• must be reduced to the MCL or, if there is an approved state plan, the risk to the population served by the water supply can be reduced by activities that reduce radon in air and/or water.

The committee discussed a variety of methods to reduce radon entry into homes and the concentrations in the indoor air and in water. Ventilation systems can be used to reduce radon concentrations in indoor air to acceptable levels. Periodic testing would be needed to ensure the continued successful operation of individual air treatment systems. New homes can be constructed using methods to reduce airborne radon (radon resistant construction). However, there is not enough evidence at the present time to be certain these techniques are effective. Several water-treatment technologies to remove radon from water are very effective, however, they do not address the largest risk to the occupants of the house, namely radon in air.

The EPA mandate is to reduce public risk caused by exposure to radon. For those communities where the public water supply contains radon at concentrations between the MCL and the AMCL, the law will allow individual states to reduce the risk to their population through multimedia measures to mitigate radon levels in indoor air. A state may develop and submit a multimedia program to mitigate radon levels in indoor air for approval by the EPA Administrator. The Administrator shall approve a state program if the health risk reduction benefits expected to be achieved by the program are equal to or greater than the health risk reduction benefits that would be achieved if each public water system in the state complied with the MCL. If the program is approved, public water systems in the state may comply with the alternative maximum contaminant level in lieu of the MCL. State programs may rely on a variety of mitigation measures, including public education, home radon testing, training, technical assistance, remediation grant and loan or other financial incentive programs, or other regulatory or nonregulatory measures. As required by SDWA, EPA is developing guidelines for multimedia mitigation programs. If there is no approved state multimedia mitigation program, any public water system in the state may submit a program for approval by the EPA Administrator, according to the same criteria, conditions and approval process that would apply to a state program. In this scenario, water utilities can minimize the level of risk to their consumers—even if the water they provide is higher than the MCL (but lower than the AMCL)—by reducing airborne radon in some of the community's homes. Because the risk caused by inhaled radon is so much greater than that caused by radon that is swallowed in water, reducing the airborne radon in only a few homes may reduce public risk enough for the water utility to be in compliance with the multimedia program requirements.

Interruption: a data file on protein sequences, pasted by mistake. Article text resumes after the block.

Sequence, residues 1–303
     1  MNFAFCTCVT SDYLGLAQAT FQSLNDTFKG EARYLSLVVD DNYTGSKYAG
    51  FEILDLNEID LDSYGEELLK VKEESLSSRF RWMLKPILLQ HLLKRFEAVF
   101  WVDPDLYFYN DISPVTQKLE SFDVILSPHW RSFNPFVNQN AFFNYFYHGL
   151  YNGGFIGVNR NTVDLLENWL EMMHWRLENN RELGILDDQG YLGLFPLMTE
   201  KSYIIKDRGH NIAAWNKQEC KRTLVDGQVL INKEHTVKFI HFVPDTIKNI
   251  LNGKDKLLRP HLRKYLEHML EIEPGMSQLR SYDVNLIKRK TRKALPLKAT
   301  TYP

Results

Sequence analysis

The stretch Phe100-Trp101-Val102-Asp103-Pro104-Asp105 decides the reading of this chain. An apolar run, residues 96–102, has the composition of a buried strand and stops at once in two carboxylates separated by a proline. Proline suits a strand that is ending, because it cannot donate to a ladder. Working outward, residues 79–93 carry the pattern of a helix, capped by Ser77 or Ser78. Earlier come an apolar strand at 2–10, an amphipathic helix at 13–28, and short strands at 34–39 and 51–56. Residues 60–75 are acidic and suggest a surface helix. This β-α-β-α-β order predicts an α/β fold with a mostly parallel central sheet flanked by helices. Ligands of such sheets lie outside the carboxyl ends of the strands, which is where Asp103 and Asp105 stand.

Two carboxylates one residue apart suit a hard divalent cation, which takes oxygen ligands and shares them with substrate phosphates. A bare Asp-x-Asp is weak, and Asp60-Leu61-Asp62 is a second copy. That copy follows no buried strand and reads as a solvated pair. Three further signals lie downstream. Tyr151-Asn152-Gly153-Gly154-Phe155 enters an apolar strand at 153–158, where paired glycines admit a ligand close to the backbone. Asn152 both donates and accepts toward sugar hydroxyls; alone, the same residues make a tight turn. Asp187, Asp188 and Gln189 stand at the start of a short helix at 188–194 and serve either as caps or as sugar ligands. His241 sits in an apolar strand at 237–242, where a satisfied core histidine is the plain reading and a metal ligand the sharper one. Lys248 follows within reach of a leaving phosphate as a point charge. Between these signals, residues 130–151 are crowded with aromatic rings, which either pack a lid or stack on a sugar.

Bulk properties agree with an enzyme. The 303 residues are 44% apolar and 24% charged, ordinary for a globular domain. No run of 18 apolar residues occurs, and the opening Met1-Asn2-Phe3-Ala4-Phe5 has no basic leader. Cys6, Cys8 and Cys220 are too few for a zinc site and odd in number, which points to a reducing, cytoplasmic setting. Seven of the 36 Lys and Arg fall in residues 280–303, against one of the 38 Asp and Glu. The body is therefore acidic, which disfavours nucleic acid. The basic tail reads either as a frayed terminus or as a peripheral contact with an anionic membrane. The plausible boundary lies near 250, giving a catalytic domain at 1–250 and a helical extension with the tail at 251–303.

With regard to multimedia programs, the committee's report provides discussion of risk-reduction methods at the community level and of ways to evaluate the effectiveness of reducing radon-related risk within a community or region



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